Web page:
So, I am day four into my participation in Project 365: One photo a day for an entire year.
I have to make it into May before I improve over the last time I tried this in 2007. Hope I make it. The last time resulted in some gems.
Dan Schultz doesn’t like Facebook or Twitter because they are too focussed on individual expression rather than the community.
That may be because he is using them wrong. I liked photography as a kid, but I didn’t know any photographers. Flickr happened to come into my life just after I bought my first digital camera. My participation in photography exploded. Not because I had a way to post my photos but because I had a way to find other local photographers for mutual encouragement. Even better was forming local groups to encourage people to meet. The value of Flickr is developing the community.
Similarly, I got into Twitter because my community, peers at other universities running the same software as myself, were seeking help there. Any place with answers to the problems we face, which is where people with the answers are watching, is where we go. Twitter was the place to get the attention of the right people not a forum like phpBB. (There are already lots of email lists.) My other community, people using the software I run are also on Twitter. I’ve resolved issues for many clients by finding their public complaints and offering solutions. When my focus changed away from using Twitter for the community is when I stopped liking Twitter.
Personally, I have yet to find much sense of community in the phpBB, Google Wave, and Ning. So I find it strange these are the exemplars of community applications. They seem fractured so one finds dozens of groups to covering the same interest. Sometimes this is because some moderator upset a portion of the community with draconian behavior causing people to form an alternative community. Bad blood exists for a while. Other times people set up a new community unaware others exist.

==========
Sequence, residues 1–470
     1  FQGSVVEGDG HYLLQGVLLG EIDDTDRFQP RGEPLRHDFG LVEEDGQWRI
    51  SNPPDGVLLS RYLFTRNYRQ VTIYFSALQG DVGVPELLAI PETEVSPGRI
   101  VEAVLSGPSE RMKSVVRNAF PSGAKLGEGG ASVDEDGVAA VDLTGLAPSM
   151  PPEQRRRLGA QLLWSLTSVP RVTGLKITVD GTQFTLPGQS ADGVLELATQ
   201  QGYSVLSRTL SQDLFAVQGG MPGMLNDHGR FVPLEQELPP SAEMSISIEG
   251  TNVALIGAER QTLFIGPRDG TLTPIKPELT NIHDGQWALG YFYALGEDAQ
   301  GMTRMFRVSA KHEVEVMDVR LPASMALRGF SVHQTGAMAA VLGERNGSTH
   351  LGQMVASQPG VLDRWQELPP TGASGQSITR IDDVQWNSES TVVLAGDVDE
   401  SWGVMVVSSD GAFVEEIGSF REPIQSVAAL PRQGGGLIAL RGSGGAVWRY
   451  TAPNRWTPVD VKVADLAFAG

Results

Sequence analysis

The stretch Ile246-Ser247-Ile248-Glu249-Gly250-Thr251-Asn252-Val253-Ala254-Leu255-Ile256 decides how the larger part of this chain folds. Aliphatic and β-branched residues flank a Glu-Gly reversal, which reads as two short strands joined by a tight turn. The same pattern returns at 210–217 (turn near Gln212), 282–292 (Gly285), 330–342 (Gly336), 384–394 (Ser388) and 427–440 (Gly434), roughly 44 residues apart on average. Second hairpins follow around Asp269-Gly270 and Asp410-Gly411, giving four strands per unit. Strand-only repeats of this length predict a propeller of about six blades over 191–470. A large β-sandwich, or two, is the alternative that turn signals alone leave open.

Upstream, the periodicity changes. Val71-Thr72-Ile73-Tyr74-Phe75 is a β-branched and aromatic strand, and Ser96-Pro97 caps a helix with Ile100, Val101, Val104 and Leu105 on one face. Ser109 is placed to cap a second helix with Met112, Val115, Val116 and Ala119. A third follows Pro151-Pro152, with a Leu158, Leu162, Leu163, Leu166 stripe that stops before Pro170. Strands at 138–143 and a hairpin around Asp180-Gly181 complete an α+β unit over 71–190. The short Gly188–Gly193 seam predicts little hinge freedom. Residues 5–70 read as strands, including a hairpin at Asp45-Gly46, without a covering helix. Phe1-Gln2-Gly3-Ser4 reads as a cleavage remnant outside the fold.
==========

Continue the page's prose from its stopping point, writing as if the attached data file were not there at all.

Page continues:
Several of those looked at the adjacent picture and others for a total of 10,640 hits yesterday. Lots of comments on many of my photos.
Wow. Just wow.
Yesterday was the second Athens, GA Strobist meeting. Like the first meeting, it was fun and informative. I really ought to invest in my own setup to practice outside these meets.
Maybe it is time to start selling my work so I can afford more gear.
I’m excited to see their photos.
Originally uploaded by Ezra F
A while ago, I mentioned the Scott Kelby’s Worldwide Photo Walk scheduled for Athens Georgia. Several folks from the Athens Flickr Meetups showed up for this yesterday. Others I know from work, photography classes, and even just eating at restaurants also showed. Twice today people have mentioned they saw me and expressed interest.
Steven Skelton did a great job.
After 3 hours of walking and standing my feet hurt. 🙂
Back around 2001, the CIO received complaints about performance for the web server. So, I went log trolling to see what the web server was doing. A single IP dominated the HTTP requests. This one IP passed various last names into the email directory. Some quick research revealed Apache could block requests from that IP. That calmed things down enough for me to identify the owner of the IP. The CIO then bullied the ISP to provide contact information for the company involved.
Previous little adventures like this landed me a permanent job, so I jumped at similar challenges.
Well, a few years later, it happened again. This time my boss had made me develop a script for the dissemination of the anti-virus software package to home users. Basically, it used email authentication for verification if someone could get the download link. So, I applied the same technique to the email directory. Well, this upset some people who legitimately needed email addresses. So the human workers would provide email addresses to people with a legitimate need.
I’m glad since I’ve left, VSU no longer looks up email addresses for people. (I thought some of the requests questionable.) Also, my little email authentication script was before LDAP was available to the university. I think the new solution much better.
One the more vocal complainers about my having stopped non-VSU access to the email directory was my current employer. We apparently list email addresses for employees freely. Which makes me wonder how much spam we get is due to the brothers described at the beginning of this story? Or other email harvesters? Just hitting the send button potentially exposes the email address.
No worries. I’m sure Glenn is protecting me. 🙂
I’m looking forward to this Athens part of the Worldwide Photo Walk in four weeks. I’m even more impressed it filled to the 50 person capacity. We have been having meetups for Athens Flickr users since September. I don’t think any have approached half that number. (There are only 32 members in the Flickr group.) I attribute this success to Steven Skelton‘s efforts spreading the word.